“My biggest fear is that my grandsons grow up to be poor like me,” says Mrs. Sengchoi, 60. Her household is one of the poorest in Konthou village of Vieng Pouhka district in Luang Namtha. She has not been spared hardship in recent years. First, her husband died. Then her daughter divorced and moved away, leaving Sengchoi to provide for her now 8 and 17-year-old grandsons alone.
However, things are improving. Last year, the EU funded NUFNIP project came to Konthou and selected Sengchoi as a participant in its food security improvement activities: vegetable gardening and goat raising. The villagers cleared a 0.5 ha area for a community garden and divided it into plots for 24 families. NUFNIP’s technical advisors helped the villagers to build an irrigation system. Then the advisors taught them how to plant seeds, when and how to transplant the seedlings, and how to mix organic compost.
“We are now growing new types of vegetables. In fact, before this I had never eaten green beans, tomatoes, or morning glory! Now my grandsons and I eat these vegetables every day.” The garden also supplements Sengchoi’s income; when vegetables are plentiful, she can sell some, and sometimes the other participating families pay for her to weed their plots too.
Before the NUFNIP project, Sengchoi had reared a couple of goats and a few pigs but the animals had been sickly and did not breed well. Through the training offered by NUFNIP, she and the other villagers learned better animal husbandry practices. “Currently, both of the goats I received are pregnant. Hopefully later we can sell their kids for extra income.“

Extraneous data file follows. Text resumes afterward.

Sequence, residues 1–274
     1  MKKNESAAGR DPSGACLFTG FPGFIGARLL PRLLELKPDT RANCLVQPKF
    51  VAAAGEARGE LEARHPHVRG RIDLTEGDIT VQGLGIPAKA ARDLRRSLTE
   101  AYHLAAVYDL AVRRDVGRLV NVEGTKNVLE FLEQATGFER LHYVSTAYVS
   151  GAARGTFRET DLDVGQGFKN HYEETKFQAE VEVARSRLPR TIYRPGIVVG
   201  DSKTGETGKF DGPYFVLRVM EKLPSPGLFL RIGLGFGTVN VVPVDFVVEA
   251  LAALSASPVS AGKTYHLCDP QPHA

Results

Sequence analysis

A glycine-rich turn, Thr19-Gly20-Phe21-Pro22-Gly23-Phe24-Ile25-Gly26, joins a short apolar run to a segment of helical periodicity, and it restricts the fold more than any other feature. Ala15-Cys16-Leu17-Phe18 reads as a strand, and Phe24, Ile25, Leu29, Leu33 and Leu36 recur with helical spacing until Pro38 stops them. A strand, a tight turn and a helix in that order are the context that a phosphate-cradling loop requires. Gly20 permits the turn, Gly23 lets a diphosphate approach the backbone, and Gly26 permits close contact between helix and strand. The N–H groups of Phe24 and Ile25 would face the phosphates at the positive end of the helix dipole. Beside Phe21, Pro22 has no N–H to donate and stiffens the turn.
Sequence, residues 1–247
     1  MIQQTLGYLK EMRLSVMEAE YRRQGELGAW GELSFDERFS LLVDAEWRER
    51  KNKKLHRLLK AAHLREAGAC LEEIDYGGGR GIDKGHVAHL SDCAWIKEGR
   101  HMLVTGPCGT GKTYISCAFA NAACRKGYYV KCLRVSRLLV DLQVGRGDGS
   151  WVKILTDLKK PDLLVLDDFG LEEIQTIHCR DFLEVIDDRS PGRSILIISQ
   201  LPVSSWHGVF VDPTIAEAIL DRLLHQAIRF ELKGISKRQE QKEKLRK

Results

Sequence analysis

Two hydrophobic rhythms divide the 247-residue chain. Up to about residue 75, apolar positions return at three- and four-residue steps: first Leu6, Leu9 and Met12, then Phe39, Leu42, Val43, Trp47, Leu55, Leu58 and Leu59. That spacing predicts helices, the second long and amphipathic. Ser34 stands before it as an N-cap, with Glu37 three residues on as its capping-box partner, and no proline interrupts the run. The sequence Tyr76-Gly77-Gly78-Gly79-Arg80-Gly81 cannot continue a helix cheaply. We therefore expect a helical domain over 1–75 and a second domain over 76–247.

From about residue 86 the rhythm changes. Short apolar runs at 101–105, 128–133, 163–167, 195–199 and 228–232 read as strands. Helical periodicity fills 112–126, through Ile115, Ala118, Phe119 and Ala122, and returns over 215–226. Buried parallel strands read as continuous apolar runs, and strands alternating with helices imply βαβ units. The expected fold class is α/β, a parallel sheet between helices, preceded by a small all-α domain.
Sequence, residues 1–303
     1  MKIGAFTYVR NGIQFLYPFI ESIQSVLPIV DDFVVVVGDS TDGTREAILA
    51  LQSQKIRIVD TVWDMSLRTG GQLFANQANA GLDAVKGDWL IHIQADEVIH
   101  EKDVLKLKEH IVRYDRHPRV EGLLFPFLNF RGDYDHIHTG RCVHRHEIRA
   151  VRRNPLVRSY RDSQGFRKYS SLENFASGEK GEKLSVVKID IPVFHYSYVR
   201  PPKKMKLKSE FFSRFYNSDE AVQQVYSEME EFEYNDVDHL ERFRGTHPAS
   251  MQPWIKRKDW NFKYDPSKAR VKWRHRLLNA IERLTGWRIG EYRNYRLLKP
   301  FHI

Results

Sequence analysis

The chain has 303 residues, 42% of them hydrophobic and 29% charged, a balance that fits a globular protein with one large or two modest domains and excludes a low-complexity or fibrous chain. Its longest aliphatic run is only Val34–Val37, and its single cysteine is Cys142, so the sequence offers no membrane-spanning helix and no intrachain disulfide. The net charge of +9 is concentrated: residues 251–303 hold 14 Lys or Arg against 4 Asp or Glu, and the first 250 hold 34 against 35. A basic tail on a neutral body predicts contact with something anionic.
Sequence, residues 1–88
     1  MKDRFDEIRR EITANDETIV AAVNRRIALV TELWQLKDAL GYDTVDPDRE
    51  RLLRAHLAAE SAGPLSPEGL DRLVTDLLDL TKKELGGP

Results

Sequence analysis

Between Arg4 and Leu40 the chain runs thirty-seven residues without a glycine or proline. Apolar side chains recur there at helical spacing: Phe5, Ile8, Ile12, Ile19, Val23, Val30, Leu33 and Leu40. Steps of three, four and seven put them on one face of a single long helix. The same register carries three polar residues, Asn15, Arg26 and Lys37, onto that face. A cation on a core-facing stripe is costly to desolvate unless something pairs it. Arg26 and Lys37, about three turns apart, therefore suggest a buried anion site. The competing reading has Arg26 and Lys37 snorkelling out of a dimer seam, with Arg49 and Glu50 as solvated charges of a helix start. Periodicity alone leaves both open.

The NUFNIP project has also had another, more qualitative, impact on Sengchoi’s life. This was the first time she had been invited to participate in agricultural training in the village. Her newly gained knowledge has not only made her activities more productive and successful, it has also boosted her self-esteem, “I feel more confident, I feel I have the skills to provide and take care of my family better.”
She continues, “I hope my younger grandson will stay in school so that he can have more opportunities in life. If we can keep earning a little bit more money by growing vegetables and by raising goats, he can finish school. After that, it is not for me to say what he should do when he grows up. He can decide for himself what to do with his life.”